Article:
Example. If $$A=\left[\begin{array}{rrr}1&2&0\\-3&0&-1\end{array} \right]$$ and $$B=\left[\begin{array}{rrr}0&-2&0\\3&0&2\end{array} \right]$$, then $$A+B=\left[\begin{array}{rrr}1&0&0\\0&0&1\end{array} \right]$$.

Multiplication:
Matrix-vector multiplication: If $$A$$ is an $$m\times n$$ matrix and $$\overrightarrow{x}$$ is an $$n$$-dimensional vector, then their product $$A\overrightarrow{x}$$ is an $$n$$-dimensional vector whose $$(i,1)$$-entry is $$a_{i1}x_1+a_{i2}x_2+\cdots+a_{im}x_n$$, the dot product of the row $$i$$ of $$A$$ and $$\overrightarrow{x}$$. Note that $A\overrightarrow{x}=\left[\begin{array}{c} a_{11}x_1+a_{12}x_2+\cdots+a_{1n}x_n\\ a_{21}x_1+a_{22}x_2+\cdots+a_{2n}x_n\\ \vdots\\ a_{m1}x_1+a_{m2}x_2+\cdots+a_{mn}x_n\end{array}\right] = x_1\left[\begin{array}{c} a_{11}\\ a_{21}\\ \vdots\\ a_{m1} \end{array}\right]+ x_2\left[\begin{array}{c} a_{12}\\ a_{22}\\ \vdots\\ a_{m2} \end{array}\right]+\cdots+ x_n\left[\begin{array}{c} a_{1n}\\ a_{2n}\\ \vdots\\ a_{mn} \end{array}\right].$ Example. If $$A=\left[\begin{array}{rrr}1&2&0\\-3&0&-1\end{array} \right]$$ and $$\overrightarrow{x}=\left[\begin{array}{r}1\\-1\\0\end{array} \right]$$, then $$A\overrightarrow{x}=\left[\begin{array}{r}-1\\-3\end{array} \right]$$ which is a linear combination of first and second columns of $$A$$ with weights $$1$$ and $$-1$$ respectively.

Matrix-matrix multiplication: If $$A$$ is an $$m\times n$$ matrix and $$B$$ is an $$n\times p$$ matrix, then their product $$AB$$ is an $$m\times p$$ matrix whose $$(i,j)$$-entry is the dot product the row $$i$$ of $$A$$ and the column $$j$$ of $$B$$. $(AB)_{ij}=a_{i1}b_{1j}+a_{i2}b_{2j}+\cdots+a_{im}b_{mj}$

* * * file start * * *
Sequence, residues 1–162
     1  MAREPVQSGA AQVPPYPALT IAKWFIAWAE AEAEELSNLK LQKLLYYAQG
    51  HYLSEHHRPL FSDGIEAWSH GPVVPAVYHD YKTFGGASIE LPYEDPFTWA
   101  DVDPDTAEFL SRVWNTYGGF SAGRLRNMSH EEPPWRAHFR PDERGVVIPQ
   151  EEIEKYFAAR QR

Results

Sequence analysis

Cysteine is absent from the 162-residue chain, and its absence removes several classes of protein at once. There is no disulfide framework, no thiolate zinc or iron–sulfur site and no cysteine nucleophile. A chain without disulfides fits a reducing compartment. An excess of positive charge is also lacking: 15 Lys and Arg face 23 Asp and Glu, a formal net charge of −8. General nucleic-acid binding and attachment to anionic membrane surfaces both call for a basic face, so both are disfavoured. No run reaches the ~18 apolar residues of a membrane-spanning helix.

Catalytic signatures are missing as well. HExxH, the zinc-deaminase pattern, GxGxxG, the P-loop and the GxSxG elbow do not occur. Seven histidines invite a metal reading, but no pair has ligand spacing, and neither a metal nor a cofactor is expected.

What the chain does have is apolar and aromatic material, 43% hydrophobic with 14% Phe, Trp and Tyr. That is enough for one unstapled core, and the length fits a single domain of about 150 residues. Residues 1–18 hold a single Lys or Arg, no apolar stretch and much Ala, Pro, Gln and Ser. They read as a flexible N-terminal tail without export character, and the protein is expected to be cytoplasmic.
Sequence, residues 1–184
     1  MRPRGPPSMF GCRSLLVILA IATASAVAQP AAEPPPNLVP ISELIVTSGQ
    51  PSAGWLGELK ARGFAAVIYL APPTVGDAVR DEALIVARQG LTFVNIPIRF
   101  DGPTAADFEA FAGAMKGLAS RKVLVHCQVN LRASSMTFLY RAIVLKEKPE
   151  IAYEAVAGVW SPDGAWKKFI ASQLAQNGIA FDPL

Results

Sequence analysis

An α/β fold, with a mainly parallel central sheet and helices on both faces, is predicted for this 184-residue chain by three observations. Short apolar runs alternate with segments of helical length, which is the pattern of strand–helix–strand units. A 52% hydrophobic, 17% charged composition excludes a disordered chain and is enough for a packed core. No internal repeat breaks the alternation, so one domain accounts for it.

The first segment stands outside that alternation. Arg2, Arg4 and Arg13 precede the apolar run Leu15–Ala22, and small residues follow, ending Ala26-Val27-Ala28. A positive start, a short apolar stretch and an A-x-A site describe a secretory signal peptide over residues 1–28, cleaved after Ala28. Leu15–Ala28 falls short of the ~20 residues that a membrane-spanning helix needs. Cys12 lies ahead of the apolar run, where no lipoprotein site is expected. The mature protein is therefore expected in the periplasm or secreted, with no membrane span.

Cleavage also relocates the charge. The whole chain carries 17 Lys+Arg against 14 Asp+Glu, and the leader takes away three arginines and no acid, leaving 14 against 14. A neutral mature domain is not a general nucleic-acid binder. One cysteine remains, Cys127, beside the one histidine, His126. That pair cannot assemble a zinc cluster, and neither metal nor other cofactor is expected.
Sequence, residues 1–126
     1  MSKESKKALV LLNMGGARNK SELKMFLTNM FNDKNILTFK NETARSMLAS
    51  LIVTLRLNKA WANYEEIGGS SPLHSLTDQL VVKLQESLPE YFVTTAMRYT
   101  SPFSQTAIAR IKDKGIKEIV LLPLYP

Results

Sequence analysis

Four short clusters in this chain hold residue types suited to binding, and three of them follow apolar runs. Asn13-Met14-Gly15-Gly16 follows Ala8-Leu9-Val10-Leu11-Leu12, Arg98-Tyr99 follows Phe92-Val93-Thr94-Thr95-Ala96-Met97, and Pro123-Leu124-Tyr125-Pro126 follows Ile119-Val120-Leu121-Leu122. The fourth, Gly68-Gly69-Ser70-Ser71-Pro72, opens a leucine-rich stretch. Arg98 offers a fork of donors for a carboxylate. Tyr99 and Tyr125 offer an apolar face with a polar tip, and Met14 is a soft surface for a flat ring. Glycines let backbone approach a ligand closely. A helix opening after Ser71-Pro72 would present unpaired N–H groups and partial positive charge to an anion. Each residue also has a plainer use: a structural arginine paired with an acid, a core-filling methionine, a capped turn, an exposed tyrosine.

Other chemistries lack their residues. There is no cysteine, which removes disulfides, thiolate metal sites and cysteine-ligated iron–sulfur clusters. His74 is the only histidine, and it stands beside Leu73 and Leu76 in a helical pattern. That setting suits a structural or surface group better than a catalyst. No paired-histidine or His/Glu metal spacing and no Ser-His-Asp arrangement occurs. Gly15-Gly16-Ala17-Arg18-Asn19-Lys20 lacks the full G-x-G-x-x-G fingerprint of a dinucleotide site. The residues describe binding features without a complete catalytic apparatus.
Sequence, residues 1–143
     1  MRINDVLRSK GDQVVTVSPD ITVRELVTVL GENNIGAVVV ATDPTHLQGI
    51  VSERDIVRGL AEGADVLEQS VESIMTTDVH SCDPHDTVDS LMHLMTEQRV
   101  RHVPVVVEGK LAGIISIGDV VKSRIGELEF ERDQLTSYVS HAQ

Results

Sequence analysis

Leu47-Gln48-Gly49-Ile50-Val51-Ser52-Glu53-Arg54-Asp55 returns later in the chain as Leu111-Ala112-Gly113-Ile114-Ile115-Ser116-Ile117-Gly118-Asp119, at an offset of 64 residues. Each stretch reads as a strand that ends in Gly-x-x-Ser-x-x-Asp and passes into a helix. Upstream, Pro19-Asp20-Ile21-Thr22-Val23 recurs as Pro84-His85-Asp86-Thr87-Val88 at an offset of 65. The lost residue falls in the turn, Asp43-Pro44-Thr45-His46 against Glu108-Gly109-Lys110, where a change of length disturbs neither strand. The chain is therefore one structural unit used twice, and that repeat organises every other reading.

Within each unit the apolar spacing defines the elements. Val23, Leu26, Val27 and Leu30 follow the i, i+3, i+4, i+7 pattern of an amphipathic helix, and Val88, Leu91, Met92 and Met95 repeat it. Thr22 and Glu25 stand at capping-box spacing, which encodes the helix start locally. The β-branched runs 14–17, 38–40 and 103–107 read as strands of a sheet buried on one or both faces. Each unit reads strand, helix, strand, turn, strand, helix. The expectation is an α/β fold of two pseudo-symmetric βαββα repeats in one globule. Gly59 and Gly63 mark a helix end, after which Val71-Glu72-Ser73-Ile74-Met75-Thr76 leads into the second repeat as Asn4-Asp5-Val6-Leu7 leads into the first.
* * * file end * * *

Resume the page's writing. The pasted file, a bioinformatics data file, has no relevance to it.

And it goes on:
Example. For $$A=\left[\begin{array}{rrr}1&2&2\\0&0&2\end{array} \right]$$ and $$B=\left[\begin{array}{rr}2&-2\\0&0\\1&1\end{array} \right]$$, we have $$AB=\left[\begin{array}{rr}4&0\\2&2\end{array} \right].$$

Determinant: The determinant of an $$n\times n$$ matrix $$A$$ is denoted by $$\det A$$ and $$|A|$$. It is defined recursively. By hand we will only find determinant of order 2 and 3. $\left\vert\begin{array}{rr}a_{11}&a_{12}\\a_{21}&a_{22}\end{array} \right\vert =a_{11}a_{22}-a_{12}a_{21}.$ $\left\vert \begin{array}{rrr}a_{11}&a_{12}&a_{13}\\ a_{21}&a_{22}&a_{23}\\ a_{31}&a_{32}&a_{33}\end{array} \right\vert =a_{11}\;\begin{vmatrix}a_{22}&a_{23}\\a_{32}&a_{33}\end{vmatrix} -a_{12}\;\begin{vmatrix}a_{21}&a_{23}\\a_{31}&a_{33}\end{vmatrix} +a_{13}\;\begin{vmatrix}a_{21}&a_{22}\\a_{31}&a_{32}\end{vmatrix}\;.$
Example. $$\left\vert\begin{array}{rrr} 2&1&7\\ -3&0&-8\\ 0&1&-3\end{array} \right\vert =2\;\begin{vmatrix}0&-8\\1&-3\end{vmatrix} -1\;\begin{vmatrix}-3&-8\\0&-3\end{vmatrix} +7\;\begin{vmatrix}-3&0\\0&1\end{vmatrix}=-14.$$

Inverse of a matrix: An $$n\times n$$ matrix $$A$$ is called invertible if there is an $$n\times n$$ matrix $$B$$ such that $$AB=BA=I_n.$$ Here $$B$$ is called the inverse of $$A$$ which is denoted by $$A^{-1}$$. So $AA^{-1}=A^{-1}A=I_n.$
Example. $$\left[ \begin{array}{rr}a&b\\c&d\end{array} \right]^{-1}=\displaystyle\frac{1}{ad-bc}\left[ \begin{array}{rr}d&-b\\-c&a\end{array} \right]$$.

Theorem. An $$n\times n$$ matrix $$A$$ is invertible iff $$\det A\neq 0$$.